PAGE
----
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One of the ultimate goals in improving students’ quality of life is to provide them with quality learning experiences in schools. This goal has led many developed and developing countries to establish educational policies that encourage school practitioners to implement systems and practices that maximize students’ positive outcomes in both special education and inclusive school settings. Policy initiatives have influenced schoolwide practices and processes in many ways to change the requirements of schools and implement new approaches. Schools are directed by policies and then either strengthen or hinder implementation. Translating policies into practices can be sometimes complex and difficult. Many schools are faced with implementation failure due to a variety of factors, ranging from teacher problems with confidence, skills, and knowledge or issues in adapting to the changed practices of larger systems. Meeting these challenges requires the involvement of teachers, schools, stakeholders, and policymakers to close the gaps between existent policies and actual school practices. One promising approach to closing the gaps is known as implementation science, which is centered on a systematic process to promote the adaptation of research-based practices and other evidence-based policies into a regular routine. Core components include ongoing coaching, staff selection and training, and support systems. These components need to be employed and sustained at a high level for successful implementation. To achieve better outcomes, schools and all stakeholders require a systematic process of transferring policies. Stages of implementation considered as a formal protocol include exploration, installation, initial implementation, full implantation, innovation, and sustainability. Community-wide efforts are required to improve the uptake and effectiveness of policies in school contexts.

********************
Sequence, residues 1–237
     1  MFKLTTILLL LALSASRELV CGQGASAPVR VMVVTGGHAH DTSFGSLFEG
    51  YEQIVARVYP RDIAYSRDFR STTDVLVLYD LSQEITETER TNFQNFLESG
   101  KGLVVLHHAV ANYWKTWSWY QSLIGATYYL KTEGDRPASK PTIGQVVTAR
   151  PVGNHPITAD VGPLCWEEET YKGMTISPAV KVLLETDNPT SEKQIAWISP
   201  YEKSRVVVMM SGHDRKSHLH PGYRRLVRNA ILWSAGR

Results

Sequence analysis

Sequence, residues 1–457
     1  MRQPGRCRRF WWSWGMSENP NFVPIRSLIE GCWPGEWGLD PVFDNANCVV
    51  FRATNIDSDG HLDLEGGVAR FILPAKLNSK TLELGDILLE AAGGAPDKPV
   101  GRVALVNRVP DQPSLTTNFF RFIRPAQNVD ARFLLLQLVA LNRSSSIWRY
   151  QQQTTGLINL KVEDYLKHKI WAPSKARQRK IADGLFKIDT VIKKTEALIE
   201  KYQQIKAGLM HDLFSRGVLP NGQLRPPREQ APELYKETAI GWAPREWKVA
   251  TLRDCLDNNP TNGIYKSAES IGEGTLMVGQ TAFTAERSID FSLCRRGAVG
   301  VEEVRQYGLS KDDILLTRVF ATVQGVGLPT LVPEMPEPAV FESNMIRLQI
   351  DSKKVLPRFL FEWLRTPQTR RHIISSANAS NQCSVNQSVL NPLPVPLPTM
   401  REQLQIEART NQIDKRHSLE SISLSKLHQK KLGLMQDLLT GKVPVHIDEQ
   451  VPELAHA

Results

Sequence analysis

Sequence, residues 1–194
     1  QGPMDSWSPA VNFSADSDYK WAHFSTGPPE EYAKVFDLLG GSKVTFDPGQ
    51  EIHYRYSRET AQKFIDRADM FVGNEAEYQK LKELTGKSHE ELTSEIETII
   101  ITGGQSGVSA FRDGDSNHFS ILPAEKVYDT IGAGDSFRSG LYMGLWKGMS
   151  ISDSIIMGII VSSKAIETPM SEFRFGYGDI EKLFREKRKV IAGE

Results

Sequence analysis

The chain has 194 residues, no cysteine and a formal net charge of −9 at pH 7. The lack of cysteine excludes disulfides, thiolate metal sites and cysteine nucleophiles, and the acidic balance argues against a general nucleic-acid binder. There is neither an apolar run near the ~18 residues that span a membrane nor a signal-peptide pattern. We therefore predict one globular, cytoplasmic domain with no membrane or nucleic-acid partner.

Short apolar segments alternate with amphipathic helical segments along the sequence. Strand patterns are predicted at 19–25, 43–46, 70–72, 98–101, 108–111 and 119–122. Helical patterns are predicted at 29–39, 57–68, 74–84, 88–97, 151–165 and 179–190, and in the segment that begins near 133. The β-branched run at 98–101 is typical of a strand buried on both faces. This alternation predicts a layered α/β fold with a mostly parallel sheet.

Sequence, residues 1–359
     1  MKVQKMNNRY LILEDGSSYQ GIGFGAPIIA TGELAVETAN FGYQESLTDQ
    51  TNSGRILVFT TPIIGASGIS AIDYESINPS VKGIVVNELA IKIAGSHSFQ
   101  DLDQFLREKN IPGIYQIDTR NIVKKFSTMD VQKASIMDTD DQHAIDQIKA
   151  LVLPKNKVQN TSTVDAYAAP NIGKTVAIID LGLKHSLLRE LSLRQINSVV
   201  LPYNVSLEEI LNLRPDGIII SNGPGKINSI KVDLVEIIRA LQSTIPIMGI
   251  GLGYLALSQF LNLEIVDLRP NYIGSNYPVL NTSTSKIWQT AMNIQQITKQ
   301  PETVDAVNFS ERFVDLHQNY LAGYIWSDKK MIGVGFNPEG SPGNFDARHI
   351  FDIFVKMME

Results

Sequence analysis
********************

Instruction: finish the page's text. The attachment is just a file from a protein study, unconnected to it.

George W. Noblit

Meta-ethnography is a very popular method for the synthesis of qualitative research. It was designed for the field of education but has been exceedingly popular in the health sciences. In education, slow growth has given way to almost furious development. Meta-ethnography is a method for synthesizing qualitative studies. Studies are identified as related to a phenomenon of interest and these are reviewed and read repeatedly, leading to both a reduction in the number of relevant studies and further specification of the phenomenon of interest. The synthesis is a translation of the complete interpretive storylines of each study into the others. There are three types of translation: reciprocal (the storylines are commensurate and reinforce each other), refutational (the storylines critique each other), and line of argument. Each study contributes something distinct to a new storyline that characterizes all the studies taken together. Effecting these translations remains a challenge for most who conduct meta-ethnographies. The work in the 21st century in education has established meta-ethnography as an interpretive and critical endeavor, moving well beyond the original proposal.